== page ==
Australians will embrace AI if it makes consumer life easier, but still fear the ‘robots’

Australian brands are scrambling to understand how they can implement AI – including everything from chat bots and CX to marketing and product development – but need to bear in mind consumers are still fearful of the technology and in many cases fundamentally misunderstand its function, new research from Ipsos has revealed.

A new research paper ‘Brave new world: Are Australians consumers ready for AI?’ based on a representative sample of more than 1,000 Australians, found 70% believe robots will increasingly take human jobs, with 62% agreeing that “using robots and artificial intelligence to replace human workers is bad for society”.

Australian consumers are open to the idea of interacting with AI – but largely indirectly – and they are less comfortable with communicating with brands via AI.

In response to the statement: ‘I am happy to use products and services that use artificial intelligence if it makes my life easier’, 41% agreed and a further 37% were on the fence. 22% disagreed.

A clear majority (59%) do not like the idea of interacting with a robot to make a purchase, with 25% feeling neutral about the idea; and 66% do not like the idea of a robot being used by a brand to communicate with its customers.

How consumers feel about brands using AI. Source: Ipsos

Opinion is split about technology’s role in humans’ future – and whether it will be a net positive or negative for society – with 48% agreeing with the statement ‘I feel optimistic about the future of technology’, but 46% also agreeing with ‘I’m afraid of technology taking over on the future’. 54% agree that ‘We already rely too much on technology’, while 48% believe technology will help solve some of the world’s biggest problems.

Consumers’ fears about robots. Source: Ipsos

Kirsten Riolo, director of Ipsos, said businesses and brands are constantly talking about AI, but little is heard about how consumers – “the very heart of business, big and small” – actually want to interact with it, and if they understand it at all.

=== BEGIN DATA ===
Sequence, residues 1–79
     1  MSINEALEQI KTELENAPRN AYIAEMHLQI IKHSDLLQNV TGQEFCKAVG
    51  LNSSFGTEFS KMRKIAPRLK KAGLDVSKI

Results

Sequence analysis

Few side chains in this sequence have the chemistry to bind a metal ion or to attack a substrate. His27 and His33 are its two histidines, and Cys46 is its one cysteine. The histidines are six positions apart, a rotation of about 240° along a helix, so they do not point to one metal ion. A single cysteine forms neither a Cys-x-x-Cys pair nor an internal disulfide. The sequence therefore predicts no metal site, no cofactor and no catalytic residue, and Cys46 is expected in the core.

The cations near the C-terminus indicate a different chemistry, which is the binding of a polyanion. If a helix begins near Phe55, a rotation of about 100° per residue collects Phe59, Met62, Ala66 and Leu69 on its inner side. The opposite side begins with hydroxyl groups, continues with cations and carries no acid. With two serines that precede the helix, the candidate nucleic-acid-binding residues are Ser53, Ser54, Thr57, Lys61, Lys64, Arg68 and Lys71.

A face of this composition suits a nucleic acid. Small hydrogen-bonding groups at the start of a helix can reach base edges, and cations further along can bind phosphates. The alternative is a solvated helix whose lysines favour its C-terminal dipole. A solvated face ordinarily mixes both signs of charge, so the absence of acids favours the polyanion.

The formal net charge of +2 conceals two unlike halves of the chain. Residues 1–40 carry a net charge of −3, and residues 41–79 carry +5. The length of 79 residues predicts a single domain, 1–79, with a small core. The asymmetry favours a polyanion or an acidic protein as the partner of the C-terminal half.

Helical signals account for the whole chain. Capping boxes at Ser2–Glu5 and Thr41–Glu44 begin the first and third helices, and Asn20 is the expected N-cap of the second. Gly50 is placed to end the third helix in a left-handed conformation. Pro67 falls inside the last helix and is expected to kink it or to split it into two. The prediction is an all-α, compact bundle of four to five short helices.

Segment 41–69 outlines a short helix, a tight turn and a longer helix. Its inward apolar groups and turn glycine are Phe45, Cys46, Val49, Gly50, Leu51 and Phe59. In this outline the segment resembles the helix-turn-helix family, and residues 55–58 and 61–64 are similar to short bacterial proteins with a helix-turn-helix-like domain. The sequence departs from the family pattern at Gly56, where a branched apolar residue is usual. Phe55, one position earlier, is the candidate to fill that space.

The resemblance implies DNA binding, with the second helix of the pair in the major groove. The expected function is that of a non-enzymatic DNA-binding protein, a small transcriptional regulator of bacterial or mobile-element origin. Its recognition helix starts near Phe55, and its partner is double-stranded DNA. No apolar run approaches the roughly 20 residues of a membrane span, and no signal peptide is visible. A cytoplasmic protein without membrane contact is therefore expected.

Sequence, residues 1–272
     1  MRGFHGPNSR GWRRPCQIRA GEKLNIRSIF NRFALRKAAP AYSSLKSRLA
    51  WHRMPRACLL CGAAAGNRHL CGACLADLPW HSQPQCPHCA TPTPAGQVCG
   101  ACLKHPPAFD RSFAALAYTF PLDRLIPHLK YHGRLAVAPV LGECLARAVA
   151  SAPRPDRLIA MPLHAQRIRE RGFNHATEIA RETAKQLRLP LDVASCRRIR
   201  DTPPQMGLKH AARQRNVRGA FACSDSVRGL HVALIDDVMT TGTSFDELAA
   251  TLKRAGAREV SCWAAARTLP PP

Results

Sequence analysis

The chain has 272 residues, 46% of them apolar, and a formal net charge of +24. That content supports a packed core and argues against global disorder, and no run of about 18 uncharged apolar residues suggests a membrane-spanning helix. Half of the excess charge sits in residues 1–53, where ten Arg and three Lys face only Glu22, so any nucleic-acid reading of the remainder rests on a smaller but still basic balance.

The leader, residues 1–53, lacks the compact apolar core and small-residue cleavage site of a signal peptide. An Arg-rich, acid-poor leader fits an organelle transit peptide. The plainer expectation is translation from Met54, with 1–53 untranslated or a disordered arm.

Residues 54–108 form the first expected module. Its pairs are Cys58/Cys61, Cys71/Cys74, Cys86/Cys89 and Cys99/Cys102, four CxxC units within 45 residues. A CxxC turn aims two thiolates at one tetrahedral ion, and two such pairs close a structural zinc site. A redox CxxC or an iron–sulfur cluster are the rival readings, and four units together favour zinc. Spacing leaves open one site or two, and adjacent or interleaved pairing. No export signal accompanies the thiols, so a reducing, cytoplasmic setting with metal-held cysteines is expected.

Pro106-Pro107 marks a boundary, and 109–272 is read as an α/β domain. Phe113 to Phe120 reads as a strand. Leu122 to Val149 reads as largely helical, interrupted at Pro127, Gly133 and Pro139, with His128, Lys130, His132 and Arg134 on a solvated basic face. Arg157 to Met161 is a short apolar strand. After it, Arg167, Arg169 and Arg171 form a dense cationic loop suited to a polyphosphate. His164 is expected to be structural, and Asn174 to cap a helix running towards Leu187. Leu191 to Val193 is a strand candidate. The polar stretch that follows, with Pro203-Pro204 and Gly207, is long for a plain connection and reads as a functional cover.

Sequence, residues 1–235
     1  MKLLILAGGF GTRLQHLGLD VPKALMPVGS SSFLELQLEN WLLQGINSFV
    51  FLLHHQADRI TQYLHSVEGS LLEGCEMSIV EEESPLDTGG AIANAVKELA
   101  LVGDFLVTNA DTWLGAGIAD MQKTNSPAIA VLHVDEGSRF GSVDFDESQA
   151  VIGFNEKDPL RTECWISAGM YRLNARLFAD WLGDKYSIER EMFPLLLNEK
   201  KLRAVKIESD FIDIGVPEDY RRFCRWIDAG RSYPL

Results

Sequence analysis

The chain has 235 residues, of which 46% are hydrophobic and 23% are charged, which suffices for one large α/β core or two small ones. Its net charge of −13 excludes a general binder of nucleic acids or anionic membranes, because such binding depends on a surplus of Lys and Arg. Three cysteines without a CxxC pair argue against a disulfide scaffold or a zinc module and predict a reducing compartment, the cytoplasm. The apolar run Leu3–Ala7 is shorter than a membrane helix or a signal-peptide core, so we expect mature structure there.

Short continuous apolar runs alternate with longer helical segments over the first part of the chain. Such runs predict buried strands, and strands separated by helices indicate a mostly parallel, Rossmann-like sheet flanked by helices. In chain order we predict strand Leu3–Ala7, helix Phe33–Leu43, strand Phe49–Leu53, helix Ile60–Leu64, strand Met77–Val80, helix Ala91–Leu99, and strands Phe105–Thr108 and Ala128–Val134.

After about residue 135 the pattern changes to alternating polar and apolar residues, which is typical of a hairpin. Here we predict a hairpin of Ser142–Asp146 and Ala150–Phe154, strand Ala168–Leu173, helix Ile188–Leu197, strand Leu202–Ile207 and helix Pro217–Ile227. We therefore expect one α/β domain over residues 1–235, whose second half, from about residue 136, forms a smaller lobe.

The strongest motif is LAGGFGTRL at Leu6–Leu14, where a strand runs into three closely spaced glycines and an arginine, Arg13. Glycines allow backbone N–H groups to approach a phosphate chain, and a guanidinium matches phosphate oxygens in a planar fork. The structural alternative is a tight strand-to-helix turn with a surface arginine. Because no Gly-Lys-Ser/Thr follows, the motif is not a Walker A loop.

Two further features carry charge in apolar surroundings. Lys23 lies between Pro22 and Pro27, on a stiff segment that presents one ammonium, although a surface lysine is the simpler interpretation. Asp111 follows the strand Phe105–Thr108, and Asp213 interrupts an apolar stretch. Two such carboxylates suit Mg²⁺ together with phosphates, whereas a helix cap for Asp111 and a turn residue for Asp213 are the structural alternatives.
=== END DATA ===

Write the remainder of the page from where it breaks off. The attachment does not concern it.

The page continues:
“Do they even know what it is? What do they make of all the hype and the ‘man vs machine’ vision of the future painted by the likes of Elon Musk? And as consumers, what are their comfort levels around the use of AI in the touch points they interact with every day?” she said, noting most people understand little about the range of technologies which fall under the AI banner.

How consumers feel about the future. Source: Ipsos

Pointing to the conflicting feelings Australians have towards technology – “they’re not quite sure whether to be afraid or helpful” – she said the research made some things very clear for brands.

“One thing is certain,” she said. “A majority – 7 in 10 – believe that the labour market of the future will be radically reshaped, resigning themselves to a tomorrow where many jobs will be done by robots. Further, more than six in 10 believe that replacing human workers with AI will be bad for society.

Do consumers even know about AI? Source: Ipsos

“With so much concern about particular elements of AI, perhaps the most pressing job of business is to first educate consumers and then address and alleviate their fears.”

More of Ipsos’ research into AI will be discussed at the Mumbrella and IAA breakfast tomorrow which includes a panel discussion on ‘Artificial intelligence just got real’ featuring Ipsos’ Riolo, IBM Watson’s Dev Mookerjee, UNSW’s Professor Toby Walsh, On Message’s Douglas Nicol and moderated by president of IAA Adam Donnelley. For more information, click here


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